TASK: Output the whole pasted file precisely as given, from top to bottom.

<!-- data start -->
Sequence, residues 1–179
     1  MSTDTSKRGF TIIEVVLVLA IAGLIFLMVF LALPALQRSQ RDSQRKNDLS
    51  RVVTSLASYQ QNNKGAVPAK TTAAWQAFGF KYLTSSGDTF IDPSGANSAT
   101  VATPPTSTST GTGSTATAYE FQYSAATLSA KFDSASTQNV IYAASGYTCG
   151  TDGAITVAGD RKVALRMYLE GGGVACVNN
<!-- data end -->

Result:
Sequence, residues 1–179
     1  MSTDTSKRGF TIIEVVLVLA IAGLIFLMVF LALPALQRSQ RDSQRKNDLS
    51  RVVTSLASYQ QNNKGAVPAK TTAAWQAFGF KYLTSSGDTF IDPSGANSAT
   101  VATPPTSTST GTGSTATAYE FQYSAATLSA KFDSASTQNV IYAASGYTCG
   151  TDGAITVAGD RKVALRMYLE GGGVACVNN